Whether you call them dolls or prefer the more manly ‘action figures’ moniker, these collectibles take people back to their childhood.
For some, the hobby never ended.
In the case of Ginni Stieva, collecting dolls started when she was a child and continues to this day. In fact, she recently acquired an Italian fabric doll made in the 1930s and has included it in the Doll Extravaganza exhibit at the Sidney Museum.
“My grandmother also collected dolls and must have passed it on,” Stevia says.
Her collection spans the decades from the late 1800s and 1900s to today. China and Bisque head dolls to fabric and composite figures, to Barbie and Bratzilla — there’s a sampling from a variety of doll lines. There’s even a few full collections on display.
A consistent aspect of doll manufacturing and collecting, said Stieva, is the clothing. In any respects, she agrees, it’s all about the designs, the gowns, uniforms and outfits.
“French dolls (in the early 1900s) were kind of the premier ones,” she said, adding German dolls were considered next in line.
“There was a huge industry in France. There were people whose only job it was to make clothing for dolls.”
That hasn’t changed much today. There are entire collections that aren’t about the figure, but the designer and the clothing. The original Barbie dolls, Stieva added, were created for fashions. Other dolls have even sported clothing made by designers such as Bob Mackie — who make clothing for real people.
“Barbie was designed so that the clothes made for it would hang on it well,” she explained. “It was never meant to be a true representation of a woman’s body.”
The thin shape of a Barbie doll has been the centre of a lot of controversy when it comes to body-image issues — even as recent as this year when the popular doll made it onto the pages of a Sports Illustrated Swimsuit issue.
American Girl Dolls, another line of toys, were part of a movement to create more realistic depictions of the female form. Yet, many dolls even now cater to fashion and marketing, not necessarily realism.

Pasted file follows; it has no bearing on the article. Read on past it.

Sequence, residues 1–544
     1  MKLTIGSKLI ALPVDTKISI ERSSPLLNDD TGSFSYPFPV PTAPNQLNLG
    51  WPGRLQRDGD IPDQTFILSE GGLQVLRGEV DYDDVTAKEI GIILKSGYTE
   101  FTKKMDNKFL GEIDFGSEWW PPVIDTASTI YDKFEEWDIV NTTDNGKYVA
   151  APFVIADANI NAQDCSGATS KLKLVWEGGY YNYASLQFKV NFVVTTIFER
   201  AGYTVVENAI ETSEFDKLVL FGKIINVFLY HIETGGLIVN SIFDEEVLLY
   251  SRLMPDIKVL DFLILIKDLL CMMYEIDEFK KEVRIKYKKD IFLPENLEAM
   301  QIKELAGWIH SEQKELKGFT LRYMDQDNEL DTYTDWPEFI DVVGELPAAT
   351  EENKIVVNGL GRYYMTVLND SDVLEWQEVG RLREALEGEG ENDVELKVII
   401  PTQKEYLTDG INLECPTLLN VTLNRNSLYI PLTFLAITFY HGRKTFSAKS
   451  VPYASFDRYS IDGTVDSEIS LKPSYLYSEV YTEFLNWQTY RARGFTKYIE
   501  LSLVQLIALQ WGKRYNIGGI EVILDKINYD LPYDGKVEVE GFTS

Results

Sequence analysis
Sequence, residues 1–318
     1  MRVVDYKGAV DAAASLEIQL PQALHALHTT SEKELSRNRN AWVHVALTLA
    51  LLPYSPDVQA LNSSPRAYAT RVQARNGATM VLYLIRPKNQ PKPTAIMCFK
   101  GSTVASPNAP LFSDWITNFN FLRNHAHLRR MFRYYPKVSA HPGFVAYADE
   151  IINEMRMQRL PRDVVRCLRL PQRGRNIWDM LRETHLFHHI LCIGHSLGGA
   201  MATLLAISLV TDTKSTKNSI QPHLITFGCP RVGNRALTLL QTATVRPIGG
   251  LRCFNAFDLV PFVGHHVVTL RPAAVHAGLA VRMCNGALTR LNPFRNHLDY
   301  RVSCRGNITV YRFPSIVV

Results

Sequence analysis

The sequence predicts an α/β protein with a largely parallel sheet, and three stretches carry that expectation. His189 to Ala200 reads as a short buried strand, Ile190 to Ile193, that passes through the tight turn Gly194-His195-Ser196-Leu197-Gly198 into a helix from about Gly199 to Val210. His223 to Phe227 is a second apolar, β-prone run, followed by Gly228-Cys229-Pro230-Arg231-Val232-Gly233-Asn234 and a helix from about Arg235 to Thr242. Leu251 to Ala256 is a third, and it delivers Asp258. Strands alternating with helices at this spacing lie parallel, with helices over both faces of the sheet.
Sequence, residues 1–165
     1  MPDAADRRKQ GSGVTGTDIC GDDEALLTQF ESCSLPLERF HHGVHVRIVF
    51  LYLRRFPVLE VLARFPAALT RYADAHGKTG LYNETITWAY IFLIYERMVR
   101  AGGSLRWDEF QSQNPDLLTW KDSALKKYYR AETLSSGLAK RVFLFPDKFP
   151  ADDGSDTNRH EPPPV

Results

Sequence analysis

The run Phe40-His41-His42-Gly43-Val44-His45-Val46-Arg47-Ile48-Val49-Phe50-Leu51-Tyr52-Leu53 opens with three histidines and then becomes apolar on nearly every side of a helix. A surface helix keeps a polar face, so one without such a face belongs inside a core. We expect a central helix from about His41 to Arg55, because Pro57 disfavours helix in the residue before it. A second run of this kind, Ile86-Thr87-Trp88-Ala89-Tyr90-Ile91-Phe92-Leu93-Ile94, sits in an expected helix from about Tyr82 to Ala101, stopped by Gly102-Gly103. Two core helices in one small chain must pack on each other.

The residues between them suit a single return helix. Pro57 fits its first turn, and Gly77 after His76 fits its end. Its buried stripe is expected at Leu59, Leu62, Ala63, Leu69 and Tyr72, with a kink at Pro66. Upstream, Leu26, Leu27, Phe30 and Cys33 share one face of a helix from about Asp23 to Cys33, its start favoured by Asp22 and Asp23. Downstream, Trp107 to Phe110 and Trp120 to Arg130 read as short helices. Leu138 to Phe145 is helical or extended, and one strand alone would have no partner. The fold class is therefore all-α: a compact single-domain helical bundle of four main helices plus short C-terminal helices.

Stieva pointed out dolls were at one time very fragile and quite expensive, meaning only the wealthy could afford them. As materials changed from China to composite (basically pressed sawdust) or fabric, accessibility changed. Hand-made dolls gave way to mass-production and plastics. They have come full circle back to fabrics with lines such as Cabbage Patch Dolls and Groovy Girls.
Early dolls started out fairly generic in their look, and clothes were always treated as a way to introduce young girls to sewing. Stieva said that’s how she learned how to sew. As marketers got a hold of them, dolls began to take on the images of real people or fictional characters. They’ve been spun out of Saturday morning cartoons, royal weddings, books and even the movies. Action figures, too, are included in the exhibit — G.I. Joe, Star Trek, Iron Man and more.
Alongside Stieva’s collection are dolls from Sidney doll maker Romona King and a few on loan from other collectors.
Running June 5 to July 30, the Doll Extravaganza is hitting the streets for Sidney. Stieva said local businesses will have dolls in their windows as part of a scavenger hunt contest.
Another contest will have people scouring the museum for tiny doll accoutrements. There is also a doll dressmaking event in the works and two days dedicated to specific dolls: American Girl Doll Day on June 21 and Barbie Day on July 24. Be among the first 75 people to bring in your doll of the same name or similar size and win a special gift.
To find out more about the exhibit, visit www.sidneymuseum.ca.